A second, related issue is that technology alone will not by itself address the often-interrelated people, process and data issues that limit a department’s effectiveness.  Having and using the right software is essential, but insufficient. Just buying software, for example, doesn’t automatically fix poorly designed processes. Also, failing to design processes that take advantage of the capabilities of a new technology undercuts the value of the investment. And without leadership, a prevailing attitude of “we’ve always done it this way” can stymie any attempt at productive change, especially in the Office of Finance. 

        To accelerate the ability of the finance organization to adopt and apply new technology to core finance processes, Ventana Research has developed an approach to managing the Office of Finance that includes three essential components: Continuous Accounting, Continuous Planning and Continuous Improvement. The first two are holistic frameworks for managing accounting and financial planning and analysis (FP&A) organizations, respectively. The last is a means of altering the mindset of the department to make it more adaptable and willing to accept change. 

        Ventana_Research_Benchmark_Research_Office_of_Finance_19_19_Automation_Speeds_the_Close_190906Continuous accounting is a term Ventana Research uses to describe an approach to the accounting function that streamlines processes and improves efficiency by addressing the causes of inefficiency at the source. To enhance effectiveness, finance departments must use software to automate all mechanical, repetitive accounting processes in a continuous, end-to-end fashion. As a rule, using software to automate manual tasks improves efficiency and speeds the completion of processes. By eliminating human intervention (and therefore the potential for mistakes and misdeeds), automation can enhance financial control. Organizations achieve end-to-end (continuous) process automation when they enter numbers only once, all calculations and analyses are performed programmatically by the system and the system manages all workflows. These workflows handle the execution of every step in the same order, enforce approvals and sign-offs and control the roles, rules and responsibilities of those involved in performing the work.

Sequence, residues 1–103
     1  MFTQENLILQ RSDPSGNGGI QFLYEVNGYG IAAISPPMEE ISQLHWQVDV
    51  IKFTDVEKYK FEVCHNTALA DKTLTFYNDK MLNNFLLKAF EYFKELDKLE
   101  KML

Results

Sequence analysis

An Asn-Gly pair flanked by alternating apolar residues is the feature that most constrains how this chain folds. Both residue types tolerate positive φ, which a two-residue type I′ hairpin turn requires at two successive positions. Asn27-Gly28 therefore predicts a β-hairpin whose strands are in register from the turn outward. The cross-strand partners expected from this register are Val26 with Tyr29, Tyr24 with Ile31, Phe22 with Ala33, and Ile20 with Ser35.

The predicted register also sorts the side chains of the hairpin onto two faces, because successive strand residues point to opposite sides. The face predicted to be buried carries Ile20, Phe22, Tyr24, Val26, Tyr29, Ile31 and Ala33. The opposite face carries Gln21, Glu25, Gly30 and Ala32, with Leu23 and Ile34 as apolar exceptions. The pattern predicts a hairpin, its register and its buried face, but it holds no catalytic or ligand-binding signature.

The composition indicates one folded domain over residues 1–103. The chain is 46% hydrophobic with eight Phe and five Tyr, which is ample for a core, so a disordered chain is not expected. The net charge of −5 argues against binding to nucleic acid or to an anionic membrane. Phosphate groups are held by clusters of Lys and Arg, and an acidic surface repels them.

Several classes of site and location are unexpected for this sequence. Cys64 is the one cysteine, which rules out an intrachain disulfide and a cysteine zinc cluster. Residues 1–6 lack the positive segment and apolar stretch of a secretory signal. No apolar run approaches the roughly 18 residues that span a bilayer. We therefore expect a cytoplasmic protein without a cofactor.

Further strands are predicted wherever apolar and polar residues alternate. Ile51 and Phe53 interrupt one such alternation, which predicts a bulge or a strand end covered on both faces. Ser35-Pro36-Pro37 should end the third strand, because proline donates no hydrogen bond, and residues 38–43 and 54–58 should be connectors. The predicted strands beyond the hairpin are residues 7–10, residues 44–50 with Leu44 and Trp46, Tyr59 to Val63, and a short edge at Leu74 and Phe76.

Our research confirms the value of automation in finance departments. For example, we find that the vast majority (88%) of companies that automate substantially all of their financial close complete it within six business days of the end of the quarter, compared to 59 percent that automate just some of the process and just 40 percent that have automated little or none of it. Using software enables the department to manage the flow of data through its processes in an end-to-end fashion. This ensures data integrity, which in turn eliminates the need for checks and reconciliations that can consume time that could be spent more productively. Organizations undermine data integrity every time someone re-enters data manually or when someone uses a spreadsheet in a process, for example, when data from one system is manually transferred to another, when the same information is entered twice in two different systems or when a spreadsheet is used to perform an allocation or a set of calculations. 

        Another aspect of continuous accounting involves optimizing the scheduling of tasks. Continuous accounting incorporates a process management approach that wherever possible distributes workloads to flatten spikes of activities, whether in the month, quarter, half-year or year. This approach eliminates bottlenecks and optimizes when tasks are executed. It reduces stress on the department and also can eliminate the need for temporary help and its associated expense. Much of the traditional accounting cycle and related departmental practices are artifacts of paper-based bookkeeping systems. These methods required finance organizations to wait until the end the month, quarter or year to take accountants offline to perform aggregations, allocations, checks and reconciliations; the rhythm of such antiquated approaches represented the best trade-off of efficiency and control. Today’s systems offer far more flexibility, which enables departments to spread workloads more evenly over time and complete them more expeditiously.